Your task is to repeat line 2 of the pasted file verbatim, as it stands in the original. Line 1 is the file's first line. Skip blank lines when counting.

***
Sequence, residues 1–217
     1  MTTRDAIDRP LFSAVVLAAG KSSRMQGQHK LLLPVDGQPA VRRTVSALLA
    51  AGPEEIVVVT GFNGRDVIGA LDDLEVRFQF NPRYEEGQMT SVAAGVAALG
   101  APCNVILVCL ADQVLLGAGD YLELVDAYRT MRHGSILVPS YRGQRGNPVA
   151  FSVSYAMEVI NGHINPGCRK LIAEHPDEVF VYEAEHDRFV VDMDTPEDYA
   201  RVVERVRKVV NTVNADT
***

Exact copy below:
     1  MTTRDAIDRP LFSAVVLAAG KSSRMQGQHK LLLPVDGQPA VRRTVSALLA